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Pierre, or The Ambiguities: Volume Seven, Scholarly Edition
by Herman Melville
edited by G. Thomas Tanselle, Harrison Hayford and Hershel Parker
Northwestern University Press, 1971
Cloth: 978-0-8101-0266-8 | Paper: 978-0-8101-0267-5
Library of Congress Classification PS2380.F68 vol. 7
Dewey Decimal Classification 813.3

ABOUT THIS BOOK | AUTHOR BIOGRAPHY | TOC | REQUEST ACCESSIBLE FILE
ABOUT THIS BOOK
Initially dismissed as "a dead failure" and "a bad book," and declined by Melville's British publisher, Pierre, or The Ambiguities has since struck critics as modern in its psychological probings and literary technique--fit, as Carl Van Vechten said in 1922, to be ranked with The Golden Bowl, Women in Love, and Ulysses. None of Melville's other "secondary" works has so regularly been acknowledged by its most thorough critics as a work of genuine grandeur, however flawed.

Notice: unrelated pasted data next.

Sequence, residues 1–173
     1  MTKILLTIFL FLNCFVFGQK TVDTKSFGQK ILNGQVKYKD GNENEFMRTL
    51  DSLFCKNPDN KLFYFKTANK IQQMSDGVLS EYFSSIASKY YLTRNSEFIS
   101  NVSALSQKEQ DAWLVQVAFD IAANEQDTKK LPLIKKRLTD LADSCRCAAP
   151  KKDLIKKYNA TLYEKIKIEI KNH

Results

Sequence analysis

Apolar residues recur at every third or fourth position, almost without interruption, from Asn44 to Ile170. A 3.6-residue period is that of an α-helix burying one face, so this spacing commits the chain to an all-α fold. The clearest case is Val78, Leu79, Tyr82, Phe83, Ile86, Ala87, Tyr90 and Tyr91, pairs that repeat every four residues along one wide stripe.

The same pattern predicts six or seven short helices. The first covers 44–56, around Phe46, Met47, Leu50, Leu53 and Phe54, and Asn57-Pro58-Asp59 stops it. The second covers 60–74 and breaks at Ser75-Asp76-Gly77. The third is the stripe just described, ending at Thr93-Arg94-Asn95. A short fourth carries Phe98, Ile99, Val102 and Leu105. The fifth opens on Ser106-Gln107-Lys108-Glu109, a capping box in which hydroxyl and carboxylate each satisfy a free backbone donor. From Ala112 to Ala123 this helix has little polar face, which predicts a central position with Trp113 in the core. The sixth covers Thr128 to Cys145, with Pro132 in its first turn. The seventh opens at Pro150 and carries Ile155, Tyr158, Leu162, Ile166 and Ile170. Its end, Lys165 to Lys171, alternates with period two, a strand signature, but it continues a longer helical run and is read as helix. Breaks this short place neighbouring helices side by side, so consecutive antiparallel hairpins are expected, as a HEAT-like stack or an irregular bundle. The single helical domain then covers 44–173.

This scholarly edition aims to present a text as close to the author's intention as the surviving evidence permits. Based on collations of the two issues and the two impressions of the single edition publishing in Melville's lifetime, it incorporates necessary emendations made by the series editors. This text of Pierre is an Approved Text of the Center for Editions of American Authors (Modern Language Association of America).

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